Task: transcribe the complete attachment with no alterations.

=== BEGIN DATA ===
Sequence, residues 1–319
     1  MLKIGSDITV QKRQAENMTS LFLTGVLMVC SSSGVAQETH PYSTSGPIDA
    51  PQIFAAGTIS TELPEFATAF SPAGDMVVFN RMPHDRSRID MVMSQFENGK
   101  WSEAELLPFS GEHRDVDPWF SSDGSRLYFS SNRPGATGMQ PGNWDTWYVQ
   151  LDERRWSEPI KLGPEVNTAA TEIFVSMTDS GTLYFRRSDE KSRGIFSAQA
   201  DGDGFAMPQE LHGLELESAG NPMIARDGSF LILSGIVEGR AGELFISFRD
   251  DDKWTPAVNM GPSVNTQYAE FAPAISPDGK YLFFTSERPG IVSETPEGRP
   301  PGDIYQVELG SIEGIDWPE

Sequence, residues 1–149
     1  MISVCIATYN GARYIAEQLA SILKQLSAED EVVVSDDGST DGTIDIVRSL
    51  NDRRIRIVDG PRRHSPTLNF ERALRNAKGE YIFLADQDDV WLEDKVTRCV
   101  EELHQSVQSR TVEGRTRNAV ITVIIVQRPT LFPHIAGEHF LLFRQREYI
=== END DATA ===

Sequence, residues 1–319
     1  MLKIGSDITV QKRQAENMTS LFLTGVLMVC SSSGVAQETH PYSTSGPIDA
    51  PQIFAAGTIS TELPEFATAF SPAGDMVVFN RMPHDRSRID MVMSQFENGK
   101  WSEAELLPFS GEHRDVDPWF SSDGSRLYFS SNRPGATGMQ PGNWDTWYVQ
   151  LDERRWSEPI KLGPEVNTAA TEIFVSMTDS GTLYFRRSDE KSRGIFSAQA
   201  DGDGFAMPQE LHGLELESAG NPMIARDGSF LILSGIVEGR AGELFISFRD
   251  DDKWTPAVNM GPSVNTQYAE FAPAISPDGK YLFFTSERPG IVSETPEGRP
   301  PGDIYQVELG SIEGIDWPE

Sequence, residues 1–149
     1  MISVCIATYN GARYIAEQLA SILKQLSAED EVVVSDDGST DGTIDIVRSL
    51  NDRRIRIVDG PRRHSPTLNF ERALRNAKGE YIFLADQDDV WLEDKVTRCV
   101  EELHQSVQSR TVEGRTRNAV ITVIIVQRPT LFPHIAGEHF LLFRQREYI